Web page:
The hymn gives account of the martyrdom of Hippolytus in accord with the Martyrdom of Sixtus/Xystus, Laurence and Hippolytus (E02513; the recension known from Spanish manuscripts is BHL 7812) and is unrelated to Hippolytus's story as told in Poem 10 by Prudentius (E04190). It is uncertain when the Martyrdom arrived in the Iberian Peninsula – its earliest Spanish manuscript is from the 10th century (the Spanish Passionary: Fábrega Grau 1953, 181–82). Moreover, in the 9th century sacramentary of Toledo, Sixtus/Xystus, Laurence and Hippolytus are celebrated on the same day, 10 August, the development probably provoked by the Martyrdom. In the earlier Spanish liturgy, as witnessed by the Orationale Visigothicum from the 7th century, Laurence and Hippolytus are venerated on different days – 10 and 11 August (E05652). The hymn here is offered only to Hippolytus which suggests that it is closer to the liturgy of the 7th century than to that of the 9th century. Also the wording of prayers in the Orationale corresponds to some extent with the hymn (e.g. v. 18: os sanctum lapide scindere precipit; cf. Orationale Visigothicum, prayer 1155: qui os Ippoliti tui cesum lapide; v. 25–26: Hinc ad cornipedum terga ferocium innexum religant Orationale Visigothicum, prayer 1156: more cornipedum per noxarum aculeos distrahendo dilacerat etc.).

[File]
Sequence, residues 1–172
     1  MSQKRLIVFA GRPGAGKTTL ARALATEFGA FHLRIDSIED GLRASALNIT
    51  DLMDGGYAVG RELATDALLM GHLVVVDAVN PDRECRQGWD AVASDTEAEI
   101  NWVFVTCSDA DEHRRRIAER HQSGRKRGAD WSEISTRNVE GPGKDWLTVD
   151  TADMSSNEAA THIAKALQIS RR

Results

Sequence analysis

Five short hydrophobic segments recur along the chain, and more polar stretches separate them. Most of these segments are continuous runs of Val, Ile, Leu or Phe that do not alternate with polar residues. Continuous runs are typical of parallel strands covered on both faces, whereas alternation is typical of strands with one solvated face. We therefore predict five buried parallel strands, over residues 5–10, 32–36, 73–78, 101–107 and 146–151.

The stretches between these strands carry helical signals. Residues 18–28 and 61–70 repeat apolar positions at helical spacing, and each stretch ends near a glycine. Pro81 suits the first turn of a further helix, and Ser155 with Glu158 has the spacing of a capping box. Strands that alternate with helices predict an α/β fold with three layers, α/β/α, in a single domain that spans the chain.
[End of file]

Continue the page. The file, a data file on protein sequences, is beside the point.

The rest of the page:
Edition: Castro Sánchez, J., Hymnodia hispanica (Corpus Christianorum Series Latina 167; Turnhout: Brepols, 2010). Castro Sánchez, J., Hymnodia hispánica (Corpus Christianorum in Translation 19; Turnhout: Brepols, 2014). Spanish translation. Further reading: Blume, C., Die Mozarabischen Hymnen des alt-spanischen Ritus (Leipzig, 1897). Diaz y Diaz, M.C., Códices visigóticos en la monarquía leonesa (León: Centro de Estudios e Investigación "San Isidoro", 1983). Fábrega Grau, Á., Pasionario hispánico (Madrid, Barcelona: Atenas A.G., 1953). Férotin, M., Le Liber Mozarabicus sacramentorum et les manuscrits mozarabes (Paris: Firmin-Didot, 1912). Norberg, D., An Introduction to the Study of Medieval Latin Versification (Washington, D.C.: Catholic University of America Press, 2004). Pérez de Urbel, J., "Origen de los himnos mozárabes," Bulletin Hispanique 28 (1926), 5-21, 113-139, 209-245, 305-320. Pinell, J. M., "Fragmentos de códices del antiguo Rito hispánico," Hispania Sacra 17 (1964), 195-229. Szövérffy, J., Iberian Latin Hymnody: Survey and Problems (Turnhout: Brepols, 1998).